Friday, January 31, 2014

Down with the sickness

Hi,

It's been a quiet week this time around. On Tuesday night - or Wednesday morning? - I woke up feeling very cold. Not the sort of cold you get when you've kicked the duvet off, or the heating's packed in either. Ah, hello random illness! I'll go prepare the spare room shall I? :-) I've been off all week feeling somewhat rough, very tired and unusually, not hungry. A small joy in all of this, although I don't seem to be getting thinner. Perhaps all the loafing around and sleeping hasn't helped the old walking routine.

Now, I have thankfully [touches wood] only had a few minor blips with my health over the years. Perhaps not a bad thing considering my mild hypochondria. It's a Virgo thing, although that might just be a symptom of something more serious... ;-) Weak gags aside, a broken arm [jumping on the sofa], a few bouts of food poisoning [death by egg? :-) ], the depression [ now long gone. Yay! ] and my broken collar bone [ car crash ]. So dare I say, I've had it pretty good compared to many folk.

Despite all the time I've had on my hands, I've done very little, except lie around, sleep and wander about doing that non-hungry cupboard search. You know the one, you go and look in the cupboards, see there's nothing that catches your eye, despite enough items to feed a small nation. Then you go back five minutes later, hoping that - as if by magic - the items have reshuffled themselves into something more interesting :-)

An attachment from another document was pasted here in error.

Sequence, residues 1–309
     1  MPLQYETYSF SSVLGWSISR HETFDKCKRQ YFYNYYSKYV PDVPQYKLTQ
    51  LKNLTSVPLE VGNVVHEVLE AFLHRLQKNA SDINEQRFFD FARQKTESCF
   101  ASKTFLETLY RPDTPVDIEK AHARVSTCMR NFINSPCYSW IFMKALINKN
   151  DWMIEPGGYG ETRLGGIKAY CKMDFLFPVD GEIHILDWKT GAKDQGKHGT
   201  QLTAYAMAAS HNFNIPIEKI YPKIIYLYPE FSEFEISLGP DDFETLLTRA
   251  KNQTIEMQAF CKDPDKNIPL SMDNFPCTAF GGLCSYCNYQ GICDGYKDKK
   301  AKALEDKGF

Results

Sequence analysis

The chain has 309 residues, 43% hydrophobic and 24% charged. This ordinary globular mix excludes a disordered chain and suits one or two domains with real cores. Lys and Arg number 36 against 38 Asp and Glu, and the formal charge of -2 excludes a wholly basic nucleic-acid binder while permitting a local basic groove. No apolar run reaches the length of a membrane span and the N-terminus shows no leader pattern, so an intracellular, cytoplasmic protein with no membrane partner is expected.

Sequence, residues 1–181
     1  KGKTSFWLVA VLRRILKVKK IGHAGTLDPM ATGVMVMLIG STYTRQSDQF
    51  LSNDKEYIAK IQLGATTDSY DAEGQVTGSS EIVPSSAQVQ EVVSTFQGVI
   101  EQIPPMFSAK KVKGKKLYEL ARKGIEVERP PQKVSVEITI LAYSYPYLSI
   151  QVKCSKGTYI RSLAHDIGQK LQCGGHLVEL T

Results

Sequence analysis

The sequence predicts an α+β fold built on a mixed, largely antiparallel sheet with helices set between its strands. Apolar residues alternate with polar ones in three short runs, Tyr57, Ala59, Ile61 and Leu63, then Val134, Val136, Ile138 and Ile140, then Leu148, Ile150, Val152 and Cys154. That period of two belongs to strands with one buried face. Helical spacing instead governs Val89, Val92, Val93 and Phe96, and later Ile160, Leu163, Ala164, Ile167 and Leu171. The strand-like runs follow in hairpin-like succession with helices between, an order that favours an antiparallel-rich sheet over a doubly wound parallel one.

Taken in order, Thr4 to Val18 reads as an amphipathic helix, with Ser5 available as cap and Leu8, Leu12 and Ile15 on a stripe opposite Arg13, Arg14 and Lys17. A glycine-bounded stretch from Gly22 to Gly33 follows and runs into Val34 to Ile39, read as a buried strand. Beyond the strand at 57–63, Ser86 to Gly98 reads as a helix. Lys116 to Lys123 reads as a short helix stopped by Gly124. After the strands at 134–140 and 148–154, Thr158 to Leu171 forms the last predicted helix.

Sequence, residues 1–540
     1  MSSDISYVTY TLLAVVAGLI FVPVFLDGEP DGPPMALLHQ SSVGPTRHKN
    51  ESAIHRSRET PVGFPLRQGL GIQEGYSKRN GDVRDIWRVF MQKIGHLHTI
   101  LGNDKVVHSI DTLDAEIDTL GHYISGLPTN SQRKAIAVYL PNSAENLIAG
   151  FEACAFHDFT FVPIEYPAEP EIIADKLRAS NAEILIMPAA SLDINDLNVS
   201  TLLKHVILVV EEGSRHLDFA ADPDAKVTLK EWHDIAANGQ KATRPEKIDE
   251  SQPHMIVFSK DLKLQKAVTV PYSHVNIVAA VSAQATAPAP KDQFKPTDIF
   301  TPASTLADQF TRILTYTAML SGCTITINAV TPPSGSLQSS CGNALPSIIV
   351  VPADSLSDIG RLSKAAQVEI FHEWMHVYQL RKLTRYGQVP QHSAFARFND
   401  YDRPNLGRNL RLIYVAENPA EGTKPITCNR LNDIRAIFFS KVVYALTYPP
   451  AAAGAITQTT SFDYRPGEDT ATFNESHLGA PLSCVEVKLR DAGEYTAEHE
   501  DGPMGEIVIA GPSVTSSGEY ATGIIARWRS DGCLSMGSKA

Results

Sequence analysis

But that's not really what I wanted to talk about, although to does - I think - lead into it: my relationship with my body. At this point, I'd like to say that a few weeks ago I read a young lady's post entitled Dear Body. It was a very interesting read on her childhood issues and how she'd grown to become used to and finally like elements of how she looks.

That made me think. Being trans, our - okay, I'll stick to writing about how I feel, if you feel different, you know where to comment :-). Being trans, my relationship with my body has been complicated. Early childhood, you body didn't come into it really. Provided you have enough get up and go, you were off and that was that. In later years, I learned that I wasn't as strong as the other boys and my football ability was pretty poor. Mind you, what they gained in ball kicking excellence, I seemed to make up for in building Lego, or drawing (badly, but creatively I guess).

Skip to the teenage years and the Wookie Fairy descends on a moonbeam and sprinkles you with magic.... in a strictly non-vile way, I hasten to add. Say hello to body hair, smells and spots. I'd make a gag about being an Ork, but I got a complaint from the Goblinoid Working Collective last week and they were pretty miffed about such stereotypes. ;-) As a teenager, I wanted to be tall - just like my mates - yet there was also a bit of me, that didn't want to be tall. Would I be more passable if I was shorter? Ah, welcome to the mask, kid. Learn to blend in, keep your legs furry, your hair short and keep your head down ;-) Well, maybe item one, but the other three, not so much. Oops! :-D